1980 Foley Street – Lululemon Store Support Centre
It might be long overdue for some serious reform, but I appreciate the Urban Design Panel as it continues to teach me a lot about our city. For instance, I had no idea the same guidelines that shaped the Emily Carr University of Art and Design were used to regulate the proposed headquarters for this locally-grown fashion giant. Which explains why city council allowed this application to be considered, despite the rezoning freeze in the Broadway Corridor.
This site is obviously unique, as easements for the Broadway SkyTrain extension, bike lanes to the south and west, and to commemorate China Creek (pg 12), meant the permitted 583,000 sq. ft. floor-area was unobtainable. That’s because the resulting 67, 000 square feet floor plates were considered inhospitable by city staff and the applicant team, so the only choice was to go higher. Still, even after chopping away the building’s corners to provide better views for neighbours, the company wanted more for their employees.
I’m not sure if they were inspired by Vancouver’s philosophy of creating places for people to live, work and play in, but the planned cafe, restaurant, and yoga studio on the ground will do just that. They also understood the need for daylight in our rainy climate, as the brise soleil material won’t look solid, but in a tribute to the company, have satin-like finish that will be 50% transparent.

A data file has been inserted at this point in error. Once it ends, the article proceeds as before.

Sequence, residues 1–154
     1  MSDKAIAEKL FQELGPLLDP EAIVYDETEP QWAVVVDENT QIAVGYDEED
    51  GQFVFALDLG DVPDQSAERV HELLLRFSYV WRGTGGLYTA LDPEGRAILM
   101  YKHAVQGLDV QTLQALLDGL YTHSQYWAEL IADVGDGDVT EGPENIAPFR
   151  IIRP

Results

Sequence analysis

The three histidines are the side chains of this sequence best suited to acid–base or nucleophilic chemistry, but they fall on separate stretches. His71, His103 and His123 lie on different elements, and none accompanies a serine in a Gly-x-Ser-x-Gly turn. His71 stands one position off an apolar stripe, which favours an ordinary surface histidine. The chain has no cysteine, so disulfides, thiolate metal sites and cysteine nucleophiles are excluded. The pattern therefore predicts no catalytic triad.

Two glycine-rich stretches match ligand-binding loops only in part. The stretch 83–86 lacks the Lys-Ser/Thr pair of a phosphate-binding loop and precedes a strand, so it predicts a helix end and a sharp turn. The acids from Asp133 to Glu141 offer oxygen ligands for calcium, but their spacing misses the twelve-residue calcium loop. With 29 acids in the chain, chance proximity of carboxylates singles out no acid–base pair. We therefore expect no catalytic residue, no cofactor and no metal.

However, the biggest source of light will be the covered atrium, who’s large size would have comprised 15% of the floor plates. It seems the applicant has a bit of freedom in how they craft that area, as city staff acknowledged there’s no existing policy to govern a space that large, forcing them to use a “rubber band rule.” This didn’t seem to matter, as the panel strongly supported all of these large moves.
Many thought this would become a landmark building, and also hoped it would be a catalyst for the future. Not only did they feel it would allow for better land use between here and the university, they strongly believed it would elevate a higher design standard across the city. One member noted they were familiar with the design team as they had studied in California, but were cautious about their handling of the brise soleil material.
Yet other self-described fans of the architect were completely supportive, and the consensus was strongly supportive of this “very well done, sophisticated” concept. Of course, even with their unanimous support, very few projects escape the UDP without any recommendations, and this one was no exception. While there was praise from the treatment of the public realm, a few members felt more needed to be done. As one person put it, there should be more weather protection as we’re not Toronto.
As residents in both cities continue to embrace biking to work, there was a suggestion to add more bike parking, and provide skylights to the parkade so it could offer other uses in the future. This didn’t make it into the recommendations, but another large request did. The east facade was described as a shallow veener which should be reconsidered to increase the porosity to the exterior ground plain, even if it meant relocating elevator and mechanical shafts.
The desire to improve the lives of the roughly four thousand people (pg 3) who will work here was paramount, and the eagle eye of one member led to a recommendation that should accomplish this. After all, whether it’s located on a roof deck or elsewhere in the building, more childcare services is a resource desperately needed in our city. It also proves how of much of an impact one person can have, so make sure to leave your comments here.
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